Celine feared rough treatment from authorities in liberated France, having spent the war carousing with the Gestapo, and giving up Jews and foreigners to the Nazi regime and publishing racist pamphlets about Jewish world conspiracies.

For decades, no one knew what happened to his papers, and he accused resistance fighters of burning them. But at some point in the 2000s, they ended up with retired journalist Jean-Pierre Thibaudat, who passed them – completely out of the blue – to Celine’s heirs last summer.

‘A miracle’
Despite the author’s history, reviews of the 150-page novel, published by Gallimard, have been unanimous in their praise.

“The end of a mystery, the discovery of a great text,” writes Le Point; a “miracle,” says Le Monde; “breathtaking,” gushes Journal du Dimanche.

Gallimard has yet to say whether the novel will be translated.

Like much of Celine’s work, Guerre is deeply autobiographical, recounting his experiences during World War I.

It opens with 20-year-old Brigadier Ferdinand finding himself miraculously alive after waking up on a Belgian battlefield, follows his treatment and hasty departure for England – all based on Celine’s real experiences.

His time across the Channel is the subject of another newly discovered novel, Londres (London), to be published this autumn.

If French reviewers seem reluctant to focus on Celine’s rampant World War II anti-Semitism, it is partly because his early writings (Guerre is thought to date from 1934) show little sign of it.

Journey to the End of the Night was a hit among progressives for its anti-war message, as well as a raw, slang-filled style that stuck two fingers up at bourgeois sensibilities.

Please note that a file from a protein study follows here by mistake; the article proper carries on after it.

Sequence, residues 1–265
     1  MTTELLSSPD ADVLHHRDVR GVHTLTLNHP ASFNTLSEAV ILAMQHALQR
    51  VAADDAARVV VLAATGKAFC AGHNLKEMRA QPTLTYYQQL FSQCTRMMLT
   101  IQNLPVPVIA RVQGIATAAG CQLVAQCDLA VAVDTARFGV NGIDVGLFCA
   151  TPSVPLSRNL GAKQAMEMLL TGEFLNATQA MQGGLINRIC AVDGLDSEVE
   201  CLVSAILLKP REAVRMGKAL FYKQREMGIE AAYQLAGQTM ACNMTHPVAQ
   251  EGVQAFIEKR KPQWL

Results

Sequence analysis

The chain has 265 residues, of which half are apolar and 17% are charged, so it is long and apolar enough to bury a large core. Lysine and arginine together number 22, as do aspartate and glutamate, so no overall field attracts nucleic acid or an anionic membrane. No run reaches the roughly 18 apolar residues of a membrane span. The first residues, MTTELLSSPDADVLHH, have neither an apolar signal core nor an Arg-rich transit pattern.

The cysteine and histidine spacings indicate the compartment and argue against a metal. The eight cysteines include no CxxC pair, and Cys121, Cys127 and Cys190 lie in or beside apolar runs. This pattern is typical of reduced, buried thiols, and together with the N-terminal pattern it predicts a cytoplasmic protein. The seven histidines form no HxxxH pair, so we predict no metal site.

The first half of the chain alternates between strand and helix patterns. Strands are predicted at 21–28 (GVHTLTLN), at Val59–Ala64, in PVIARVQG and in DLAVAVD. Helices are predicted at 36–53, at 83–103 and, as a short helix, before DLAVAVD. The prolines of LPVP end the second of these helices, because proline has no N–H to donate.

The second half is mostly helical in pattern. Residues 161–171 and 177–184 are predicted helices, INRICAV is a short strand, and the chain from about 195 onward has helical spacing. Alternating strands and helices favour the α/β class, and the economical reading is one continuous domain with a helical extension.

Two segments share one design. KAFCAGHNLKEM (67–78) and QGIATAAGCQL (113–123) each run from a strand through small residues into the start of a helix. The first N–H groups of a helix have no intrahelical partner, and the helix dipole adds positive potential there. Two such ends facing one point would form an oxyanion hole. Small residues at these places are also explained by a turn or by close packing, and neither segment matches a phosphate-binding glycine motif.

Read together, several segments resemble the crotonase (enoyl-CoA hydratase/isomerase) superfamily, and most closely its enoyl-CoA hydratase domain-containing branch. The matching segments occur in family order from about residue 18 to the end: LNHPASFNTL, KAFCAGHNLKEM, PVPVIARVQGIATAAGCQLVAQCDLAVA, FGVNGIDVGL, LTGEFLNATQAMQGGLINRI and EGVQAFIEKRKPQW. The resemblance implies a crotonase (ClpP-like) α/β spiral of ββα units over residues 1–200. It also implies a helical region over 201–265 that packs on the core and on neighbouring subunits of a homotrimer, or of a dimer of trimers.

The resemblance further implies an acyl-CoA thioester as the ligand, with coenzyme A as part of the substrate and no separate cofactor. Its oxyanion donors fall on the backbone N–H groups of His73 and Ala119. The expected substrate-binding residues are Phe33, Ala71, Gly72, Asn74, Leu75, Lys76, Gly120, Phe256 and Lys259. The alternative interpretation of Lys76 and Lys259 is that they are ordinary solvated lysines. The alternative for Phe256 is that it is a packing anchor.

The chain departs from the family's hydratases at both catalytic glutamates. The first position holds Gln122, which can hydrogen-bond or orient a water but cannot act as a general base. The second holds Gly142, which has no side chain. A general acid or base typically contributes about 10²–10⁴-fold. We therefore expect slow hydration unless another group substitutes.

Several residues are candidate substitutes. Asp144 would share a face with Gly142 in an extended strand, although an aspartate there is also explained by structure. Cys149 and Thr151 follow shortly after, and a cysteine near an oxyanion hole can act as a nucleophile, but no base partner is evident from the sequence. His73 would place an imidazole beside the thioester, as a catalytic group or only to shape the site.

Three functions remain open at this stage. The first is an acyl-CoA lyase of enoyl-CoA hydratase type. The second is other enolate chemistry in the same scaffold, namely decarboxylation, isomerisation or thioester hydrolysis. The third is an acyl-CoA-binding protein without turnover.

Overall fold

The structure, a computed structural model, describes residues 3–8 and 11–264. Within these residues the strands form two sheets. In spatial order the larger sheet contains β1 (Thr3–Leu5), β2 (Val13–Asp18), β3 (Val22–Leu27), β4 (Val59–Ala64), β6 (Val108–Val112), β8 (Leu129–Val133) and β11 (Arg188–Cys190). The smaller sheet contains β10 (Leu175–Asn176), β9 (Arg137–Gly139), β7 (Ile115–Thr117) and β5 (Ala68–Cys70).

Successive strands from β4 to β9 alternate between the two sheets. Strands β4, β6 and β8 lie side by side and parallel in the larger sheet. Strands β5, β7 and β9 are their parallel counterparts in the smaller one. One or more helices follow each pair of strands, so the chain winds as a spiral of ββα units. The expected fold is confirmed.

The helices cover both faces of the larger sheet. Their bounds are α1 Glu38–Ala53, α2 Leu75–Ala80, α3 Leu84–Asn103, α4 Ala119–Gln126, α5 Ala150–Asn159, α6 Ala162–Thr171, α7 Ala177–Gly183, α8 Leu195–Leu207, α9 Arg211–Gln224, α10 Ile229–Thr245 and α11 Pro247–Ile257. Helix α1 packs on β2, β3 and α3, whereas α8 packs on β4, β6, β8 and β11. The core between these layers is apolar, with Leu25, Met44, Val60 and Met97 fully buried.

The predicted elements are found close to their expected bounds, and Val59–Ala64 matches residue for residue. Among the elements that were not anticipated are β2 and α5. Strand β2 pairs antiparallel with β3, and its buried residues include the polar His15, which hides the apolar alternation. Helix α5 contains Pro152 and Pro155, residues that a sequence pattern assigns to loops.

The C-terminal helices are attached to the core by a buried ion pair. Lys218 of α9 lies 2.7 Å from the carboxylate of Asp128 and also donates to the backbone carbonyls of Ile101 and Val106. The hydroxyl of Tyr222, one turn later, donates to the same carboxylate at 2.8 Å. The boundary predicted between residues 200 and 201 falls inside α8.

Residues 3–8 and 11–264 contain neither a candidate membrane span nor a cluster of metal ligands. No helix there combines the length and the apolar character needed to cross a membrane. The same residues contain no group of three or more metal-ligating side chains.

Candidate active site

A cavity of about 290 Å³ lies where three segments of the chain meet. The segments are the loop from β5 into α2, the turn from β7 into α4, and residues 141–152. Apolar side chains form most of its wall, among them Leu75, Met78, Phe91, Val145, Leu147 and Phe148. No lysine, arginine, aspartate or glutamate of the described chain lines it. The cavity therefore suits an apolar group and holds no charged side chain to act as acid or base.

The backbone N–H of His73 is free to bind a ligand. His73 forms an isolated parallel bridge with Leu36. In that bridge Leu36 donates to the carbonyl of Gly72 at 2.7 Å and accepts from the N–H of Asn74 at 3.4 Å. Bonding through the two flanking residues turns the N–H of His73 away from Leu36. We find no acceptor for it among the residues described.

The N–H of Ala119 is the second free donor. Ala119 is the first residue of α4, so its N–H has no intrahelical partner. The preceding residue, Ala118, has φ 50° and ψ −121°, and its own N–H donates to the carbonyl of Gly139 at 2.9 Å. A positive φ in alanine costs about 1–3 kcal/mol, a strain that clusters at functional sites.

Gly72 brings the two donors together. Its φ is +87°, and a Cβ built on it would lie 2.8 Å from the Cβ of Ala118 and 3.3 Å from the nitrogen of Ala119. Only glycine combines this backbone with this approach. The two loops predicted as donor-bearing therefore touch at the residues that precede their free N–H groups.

Celine’s attitude to the Jews only revealed itself in 1937 with the publication of a pamphlet, Trifles for a Massacre, which set him on a new path of racial hatred and conspiracy-mongering.

He never back-tracked. After the war, he launched a campaign of Holocaust-denial and sought to muddy the waters around his own war-time exploits – allowing him to worm his way back into France without repercussions.

‘Divine surprise’
Many in the French literary scene seem keen to separate early and late Celine.

“These manuscripts come at the right time – they are a divine surprise – for Celine to become a writer again: the one who matters, from 1932 to 1936,” literary historian Philippe Roussin told AFP.

Other critics say the early Celine was just hiding his true feelings.

They highlight a quote that may explain the gap between his progressive novels and reactionary feelings: “Knowing what the reader wants, following fashions like a shopgirl, is the job of any writer who is very financially constrained,” Celine wrote to a friend.

Despite his descent into Nazism, he was one of the great chroniclers of the trauma of World War I and the malaise of the inter-war years.

An exhibition about the discovery of the manuscripts opens on Thursday at the Gallimard Gallery and includes the original, hand-written sheets of Guerre.

They end with a line that is typical of Celine: “I caught the war in my head. It is locked in my head.”

In the final years before his death in 1961, Celine endlessly bemoaned the loss of his manuscripts.

The exhibition has a quote from him on the wall: “They burned them, almost three manuscripts, the pest-purging vigilantes!”

This was one occasion – not the only one – where he was proved wrong.